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Trump rocket will take off or explode

Stocks hold ground before inauguration

Stocks in Europe held their ground on Friday as investors waited for the inauguration of Donald Trump as President of the United States.

 

The FTSE 100 was little changed on Friday at just above 7,200 but will end the week well off its record high of 7,354. Pressure on the British pound has eased since Theresa May’s Brexit speech and that keeps a lid on foreign earnings growth potential at British companies.

 

Retail sales tell different story to retailers

Retailers including Sainsbury’s, Tesco and Marks & Spencer lost their status as stock market darlings. Data showing the biggest fall in UK retail sales since April 2012 in December took the edge off a cracking set of Christmas sales results from a large swathe of the high street.

 

The British pound slipped after UK retail sales slumped in December by -1.9% m/m, the 3rd biggest monthly fall in 20 years. It was an unexpected turnaround from the bumper +1.8% m/m gain in November and a rise in comparable Christmas sales reported by many retailers. Underlying the fall in sales was a rise in prices. The UK retail sales deflator reached a 3 year high of 0.9% y/y/ in December, up from 0.1% in November and a low-point of -2.8% in 2016. The number one concern is that higher prices accompanied by falling activity becomes a feature of UK economic data in 2017.

 

Supreme Court to test Sterling resolve

On Tuesday the Supreme Court will publicise its decision on the Government’s appeal of its previous ruling that parliamentary approval is needed to trigger Article 50. The court is expected to uphold its decision so the government is likely already preparing a bill for vote. Labour leader Jeremy Corbyn has said he will order Labour MPs to respect the referendum results and vote to trigger Article 50. Labour MPs don’t have a strong history of listening to their fearless leader, but will probably vote in line with their constituencies anyway, thus allowing the bill to pass.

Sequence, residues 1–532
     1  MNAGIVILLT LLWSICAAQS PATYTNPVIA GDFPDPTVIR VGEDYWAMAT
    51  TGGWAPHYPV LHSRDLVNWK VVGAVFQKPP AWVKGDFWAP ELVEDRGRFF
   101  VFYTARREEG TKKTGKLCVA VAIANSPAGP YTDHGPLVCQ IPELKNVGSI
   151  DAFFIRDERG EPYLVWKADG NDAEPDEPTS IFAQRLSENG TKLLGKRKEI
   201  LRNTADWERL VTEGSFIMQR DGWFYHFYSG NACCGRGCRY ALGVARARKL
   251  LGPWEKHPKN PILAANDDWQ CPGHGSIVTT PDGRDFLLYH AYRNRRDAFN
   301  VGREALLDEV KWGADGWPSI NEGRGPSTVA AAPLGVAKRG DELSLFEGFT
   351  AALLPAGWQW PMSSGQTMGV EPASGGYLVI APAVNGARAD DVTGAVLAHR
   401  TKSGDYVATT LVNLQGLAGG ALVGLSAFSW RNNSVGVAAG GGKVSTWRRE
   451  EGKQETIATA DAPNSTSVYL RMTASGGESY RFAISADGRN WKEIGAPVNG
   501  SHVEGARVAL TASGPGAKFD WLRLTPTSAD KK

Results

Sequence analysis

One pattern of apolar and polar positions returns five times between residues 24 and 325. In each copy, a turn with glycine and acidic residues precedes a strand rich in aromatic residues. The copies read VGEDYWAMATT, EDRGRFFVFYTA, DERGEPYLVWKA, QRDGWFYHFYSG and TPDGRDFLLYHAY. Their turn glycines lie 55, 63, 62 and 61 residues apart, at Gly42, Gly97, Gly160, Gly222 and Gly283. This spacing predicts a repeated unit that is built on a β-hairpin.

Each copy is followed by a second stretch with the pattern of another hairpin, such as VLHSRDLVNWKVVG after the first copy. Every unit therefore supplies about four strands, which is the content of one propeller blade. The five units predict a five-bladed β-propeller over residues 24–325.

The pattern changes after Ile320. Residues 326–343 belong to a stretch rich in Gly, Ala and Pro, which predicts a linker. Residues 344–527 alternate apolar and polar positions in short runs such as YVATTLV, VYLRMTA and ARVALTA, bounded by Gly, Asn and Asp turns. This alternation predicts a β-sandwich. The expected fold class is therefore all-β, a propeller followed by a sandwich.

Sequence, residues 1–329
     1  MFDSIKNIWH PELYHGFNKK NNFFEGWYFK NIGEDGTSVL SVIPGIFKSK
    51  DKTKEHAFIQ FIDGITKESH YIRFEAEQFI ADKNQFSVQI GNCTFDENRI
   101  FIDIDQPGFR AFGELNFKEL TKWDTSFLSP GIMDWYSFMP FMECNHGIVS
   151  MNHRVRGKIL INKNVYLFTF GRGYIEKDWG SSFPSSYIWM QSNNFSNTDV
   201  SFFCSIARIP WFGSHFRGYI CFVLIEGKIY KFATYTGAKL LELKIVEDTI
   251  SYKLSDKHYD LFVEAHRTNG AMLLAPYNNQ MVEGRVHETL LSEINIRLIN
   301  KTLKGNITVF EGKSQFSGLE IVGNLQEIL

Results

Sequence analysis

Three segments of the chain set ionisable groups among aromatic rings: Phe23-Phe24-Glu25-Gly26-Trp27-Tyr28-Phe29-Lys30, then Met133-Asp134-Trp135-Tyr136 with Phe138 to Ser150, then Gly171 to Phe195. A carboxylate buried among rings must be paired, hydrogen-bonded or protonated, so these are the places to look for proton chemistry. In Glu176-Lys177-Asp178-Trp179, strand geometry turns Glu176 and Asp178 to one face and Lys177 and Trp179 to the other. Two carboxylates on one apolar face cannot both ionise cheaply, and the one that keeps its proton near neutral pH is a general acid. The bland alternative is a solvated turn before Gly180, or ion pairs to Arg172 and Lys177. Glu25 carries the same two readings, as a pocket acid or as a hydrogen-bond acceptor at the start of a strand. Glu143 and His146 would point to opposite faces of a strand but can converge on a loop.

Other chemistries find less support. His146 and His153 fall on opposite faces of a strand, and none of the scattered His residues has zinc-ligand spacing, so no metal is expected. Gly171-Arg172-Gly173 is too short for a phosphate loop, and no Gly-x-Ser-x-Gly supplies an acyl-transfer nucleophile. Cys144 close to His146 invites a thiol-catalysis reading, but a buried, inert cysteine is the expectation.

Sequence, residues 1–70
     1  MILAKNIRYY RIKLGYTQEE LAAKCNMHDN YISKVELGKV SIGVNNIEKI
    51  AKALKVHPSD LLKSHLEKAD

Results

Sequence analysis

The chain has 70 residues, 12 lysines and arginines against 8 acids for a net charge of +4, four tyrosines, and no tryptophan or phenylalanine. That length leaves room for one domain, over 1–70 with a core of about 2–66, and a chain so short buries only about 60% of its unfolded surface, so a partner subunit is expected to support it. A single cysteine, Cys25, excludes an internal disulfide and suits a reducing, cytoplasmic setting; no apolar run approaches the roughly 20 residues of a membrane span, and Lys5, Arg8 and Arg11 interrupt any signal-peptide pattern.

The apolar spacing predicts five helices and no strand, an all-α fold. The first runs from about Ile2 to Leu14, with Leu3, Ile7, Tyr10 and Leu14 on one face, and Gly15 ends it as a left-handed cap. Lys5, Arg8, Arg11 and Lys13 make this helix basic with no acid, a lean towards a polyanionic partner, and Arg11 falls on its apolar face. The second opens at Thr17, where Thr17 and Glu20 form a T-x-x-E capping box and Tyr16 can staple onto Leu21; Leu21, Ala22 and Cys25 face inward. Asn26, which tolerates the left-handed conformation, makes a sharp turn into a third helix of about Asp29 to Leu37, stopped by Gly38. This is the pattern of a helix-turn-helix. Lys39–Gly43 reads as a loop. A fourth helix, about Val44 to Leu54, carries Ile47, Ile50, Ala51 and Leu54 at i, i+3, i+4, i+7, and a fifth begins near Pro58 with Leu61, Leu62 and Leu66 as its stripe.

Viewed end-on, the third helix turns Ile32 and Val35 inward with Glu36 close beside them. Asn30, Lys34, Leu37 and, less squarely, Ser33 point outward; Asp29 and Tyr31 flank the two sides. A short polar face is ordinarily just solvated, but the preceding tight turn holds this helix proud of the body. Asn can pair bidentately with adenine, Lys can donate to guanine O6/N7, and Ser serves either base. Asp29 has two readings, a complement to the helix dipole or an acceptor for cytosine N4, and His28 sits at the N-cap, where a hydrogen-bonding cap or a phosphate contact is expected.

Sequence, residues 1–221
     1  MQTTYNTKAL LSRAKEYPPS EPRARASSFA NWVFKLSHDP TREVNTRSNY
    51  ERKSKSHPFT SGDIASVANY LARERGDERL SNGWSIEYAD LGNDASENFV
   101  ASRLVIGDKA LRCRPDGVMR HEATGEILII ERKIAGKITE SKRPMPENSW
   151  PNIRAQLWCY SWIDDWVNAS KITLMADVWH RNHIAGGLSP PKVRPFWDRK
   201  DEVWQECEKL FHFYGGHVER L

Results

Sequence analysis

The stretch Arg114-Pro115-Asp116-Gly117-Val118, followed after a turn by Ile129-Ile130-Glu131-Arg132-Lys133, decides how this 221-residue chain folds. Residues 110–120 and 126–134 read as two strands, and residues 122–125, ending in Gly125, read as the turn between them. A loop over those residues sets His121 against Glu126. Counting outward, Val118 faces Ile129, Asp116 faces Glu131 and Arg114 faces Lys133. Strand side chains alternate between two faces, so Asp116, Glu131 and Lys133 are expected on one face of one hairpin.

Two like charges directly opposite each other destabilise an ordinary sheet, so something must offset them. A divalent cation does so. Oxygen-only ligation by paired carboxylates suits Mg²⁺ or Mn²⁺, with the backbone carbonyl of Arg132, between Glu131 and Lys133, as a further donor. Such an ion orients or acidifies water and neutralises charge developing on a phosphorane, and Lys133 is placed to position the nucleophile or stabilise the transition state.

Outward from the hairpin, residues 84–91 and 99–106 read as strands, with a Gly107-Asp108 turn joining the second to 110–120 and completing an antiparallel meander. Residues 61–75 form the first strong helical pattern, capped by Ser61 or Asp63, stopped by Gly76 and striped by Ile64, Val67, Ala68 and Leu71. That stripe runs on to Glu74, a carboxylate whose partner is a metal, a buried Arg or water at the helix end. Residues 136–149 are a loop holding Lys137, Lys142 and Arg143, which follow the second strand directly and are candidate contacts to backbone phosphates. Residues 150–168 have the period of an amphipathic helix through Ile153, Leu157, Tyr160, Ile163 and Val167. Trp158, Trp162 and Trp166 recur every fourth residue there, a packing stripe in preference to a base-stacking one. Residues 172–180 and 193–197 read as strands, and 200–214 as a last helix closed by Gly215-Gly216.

The deterioration in economic data and the potential political upheaval next week will test the resolve of the recent recovery in Sterling. Nonetheless, we still view the move in the British pound following Prime Minister’s speech as a game-changer and expect GBP/USD to hold 1.20.

 

The Trump rocket will take off or explode

The market waiting for Trump’s inauguration has been like the countdown to the launch of a space shuttle; it should take-off but there’s a chance it could explode.

 

A degree of trepidation has crept into markets in the lead up to the first week of Donald Trump’s presidency. Markets have listened as Donald Trump talked the talk and they will be watching to see how he walks the walk. His aides have suggested Donald Trump is preparing to sign a number of ‘executive orders’ during his first week in the White House. It would make sense for Trump to want to score some early victories before going through the lengthier process of getting bills passed by Congress.

 

Some of the issues Trump could tackle via executive orders can have a direct impact on markets.

  • He could withdraw from The Trans-Pacific Trade partnership deal (TPP) – This could be bad for Asian stock markets and Emerging Markets FX. If he talks about amending or even quitting the North American Free Trade Agreement (NAFTA) – this would directly affect Canada and Mexico, and thus their currencies and stock markets.
  • Some specific plans for building a wall on the border with Mexico would be an additional source of pressure for the peso.
  • He might cancel restrictions on the coal industry – the energy sector of the stock market may welcome this whilst green energy companies like solar could suffer.
  • Some orders beginning the process of the repeal of Obamacare could trigger another leg lower in healthcare stocks following the drop during his latest press conference.

 

If you thought The Donald could disrupt things with his Twitter account, just wait until he has executive authority.

  

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